Tom Sands, a former Iowa state representative who now serves as president and CEO of the Iowa Taxpayers Association, said as long as the state continues to budget responsibly, he wouldn’t foresee a need to tap other revenue streams or reduce services if the economy slows.

“There’s always tough decisions to be made in the valleys of an economic time when revenues flatten out or don’t grow as much,” he said. “I don’t see how this puts the state in a worse position. I would argue it puts the state in a stronger position. You’re lowering the tax rate, but you’re empowering taxpayers to keep more money and buy more goods that would increase sales tax revenue. And if you’re a business owner, you’re growing your business, and that grows tax revenue through greater incomes and more employees that pay more Iowa tax.”

Sands said a flat tax is easier to explain than the state’s current graduated, multibracket system, making it a more attractive sell to businesses looking to move to Iowa.

“No. 1, it clearly identifies what your tax rate is,” he said. “This way everyone knows their established rate is 4%.”

And that can help improve the state’s chances of landing a prospective new company, said Sands, who served in the Iowa House from 2003 to 2016, the last six as chair of the Ways and Means Committee.

“Most of them you never got a chance to speak with because when they saw that top rate we were automatically put in a pile that wasn’t even given a chance,” he said. “This will give us a chance.”

Sands said the move to 4% builds off of what began in 2018, making the move more palatable.

“If we tried to do this 10 years ago, we’d be going from our top rate then of 9.8% and … that would be a greater leap,” he said. “This is more of a stepping stone.”

Dave Swenson, an economist at Iowa State University, said he would argue that Iowa’s taxes aren’t too high, and have had little effect on the rate of growth in the state.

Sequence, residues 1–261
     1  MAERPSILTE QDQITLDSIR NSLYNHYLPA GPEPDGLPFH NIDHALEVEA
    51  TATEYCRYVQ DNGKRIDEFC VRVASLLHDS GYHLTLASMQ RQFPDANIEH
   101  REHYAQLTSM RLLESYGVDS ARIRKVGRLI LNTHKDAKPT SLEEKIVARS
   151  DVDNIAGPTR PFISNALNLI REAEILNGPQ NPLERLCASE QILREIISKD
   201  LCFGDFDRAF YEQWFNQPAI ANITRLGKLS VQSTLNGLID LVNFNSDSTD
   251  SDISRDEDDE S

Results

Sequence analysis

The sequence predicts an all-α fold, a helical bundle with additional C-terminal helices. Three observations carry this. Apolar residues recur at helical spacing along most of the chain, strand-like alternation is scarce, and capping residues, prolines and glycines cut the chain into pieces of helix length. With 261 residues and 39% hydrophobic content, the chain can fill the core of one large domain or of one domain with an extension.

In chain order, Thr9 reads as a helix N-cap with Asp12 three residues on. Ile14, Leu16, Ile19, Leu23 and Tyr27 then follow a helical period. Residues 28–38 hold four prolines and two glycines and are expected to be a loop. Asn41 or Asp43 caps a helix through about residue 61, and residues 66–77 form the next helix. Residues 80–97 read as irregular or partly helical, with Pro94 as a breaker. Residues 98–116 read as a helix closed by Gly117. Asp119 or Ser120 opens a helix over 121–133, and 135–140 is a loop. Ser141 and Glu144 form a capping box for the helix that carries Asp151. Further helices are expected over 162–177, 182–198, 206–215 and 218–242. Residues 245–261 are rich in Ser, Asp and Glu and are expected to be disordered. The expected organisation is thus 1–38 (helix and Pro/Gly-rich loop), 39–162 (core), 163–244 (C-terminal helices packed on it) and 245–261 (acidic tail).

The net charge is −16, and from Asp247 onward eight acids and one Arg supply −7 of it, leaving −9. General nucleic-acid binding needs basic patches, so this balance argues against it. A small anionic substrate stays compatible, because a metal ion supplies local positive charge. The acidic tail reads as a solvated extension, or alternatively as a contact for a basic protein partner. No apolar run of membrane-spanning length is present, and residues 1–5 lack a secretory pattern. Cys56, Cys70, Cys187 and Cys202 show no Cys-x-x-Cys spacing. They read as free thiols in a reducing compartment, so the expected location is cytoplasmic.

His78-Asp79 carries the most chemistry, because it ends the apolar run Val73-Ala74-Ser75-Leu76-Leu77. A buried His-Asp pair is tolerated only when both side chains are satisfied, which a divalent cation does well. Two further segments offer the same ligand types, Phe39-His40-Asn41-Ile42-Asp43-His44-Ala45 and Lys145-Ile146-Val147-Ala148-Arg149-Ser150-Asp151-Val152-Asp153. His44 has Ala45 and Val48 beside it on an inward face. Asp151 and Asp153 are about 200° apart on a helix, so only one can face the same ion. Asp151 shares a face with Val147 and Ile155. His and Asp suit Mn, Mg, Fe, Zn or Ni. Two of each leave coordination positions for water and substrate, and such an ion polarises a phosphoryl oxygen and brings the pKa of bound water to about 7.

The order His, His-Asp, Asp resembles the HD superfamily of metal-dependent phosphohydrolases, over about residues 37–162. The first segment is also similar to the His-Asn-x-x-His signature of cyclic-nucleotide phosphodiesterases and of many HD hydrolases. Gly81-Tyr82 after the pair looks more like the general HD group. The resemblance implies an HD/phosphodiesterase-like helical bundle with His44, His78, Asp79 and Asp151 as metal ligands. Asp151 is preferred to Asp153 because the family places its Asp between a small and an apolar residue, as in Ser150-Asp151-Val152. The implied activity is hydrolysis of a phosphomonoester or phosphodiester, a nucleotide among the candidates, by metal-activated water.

“There just doesn’t seem to be evidence that our taxes are too high, and that they in and of themselves have had any meaningful effect on the rate or pace of growth in the state’s economy,” he said.

Swenson said Iowa has an image problem because its advertised tax rate is among the highest in the country. Once federal deductibility is figured in, Swenson said, Iowa’s individual tax rates “are pretty darn moderate.”

Meanwhile, Swenson said, if you consider all income levels, including the highest-income earners who he said can capitalize on a wide variety of exclusions that allow them to lower their tax burden, the weighted average tax rate in Iowa was 3.7%.

If you eliminate the highest-income earners, who Swenson said have an average tax rate of 1.4%, the weighted average increases to about 4.3%. That would mean Reynolds’ proposal would lower taxes for a significant number of middle- to upper-income earners in Iowa, he said.

“What it does to those lower-paying taxpayers remains to be seen,” Swenson said.

According to Swenson, people who earn between $20,000 and $40,000 pay taxes at rates of 2% to 3.4%.

“So what we don’t know is, is [the income tax rate proposal], as designed, going to raise taxes on those at the bottom who have benefited by our progressive income tax system, and is it going to benefit the most those people making over $75,000 a year?” Swenson said. “It depends on where you sit as to how you’re going to look at this in terms of desirability.”

He said it’s probably too early to accurately analyze the effect of Reynolds’ proposal because all the details aren’t yet known.

Something to watch is whether any relief is provided to low-income individuals, Swenson said.

“What is the threshold that’s going to be determined that says you now have to pay state taxes?” he said. “At what point does the 4% kick in and some level below you don’t pay taxes? We tend to want to have some circuit breakers that treat low-income or special classes like the elderly more beneficially, so we’ll just have to wait to see what they devise.”

Walczak said anyone making more than $6,700 a year would pay less taxes under the governor’s plan.

“In the current progressive system, virtually all income is subject to rates in excess of what the new flat rate would be,” he said. “People often see fairness as equal treatment, and a tax cut that benefits all taxpayers with a low flat rate will not only benefit many taxpayers, but will probably meet with approval of many taxpayers across all income levels and across the political spectrum, and Iowa has the ability to afford it right now.”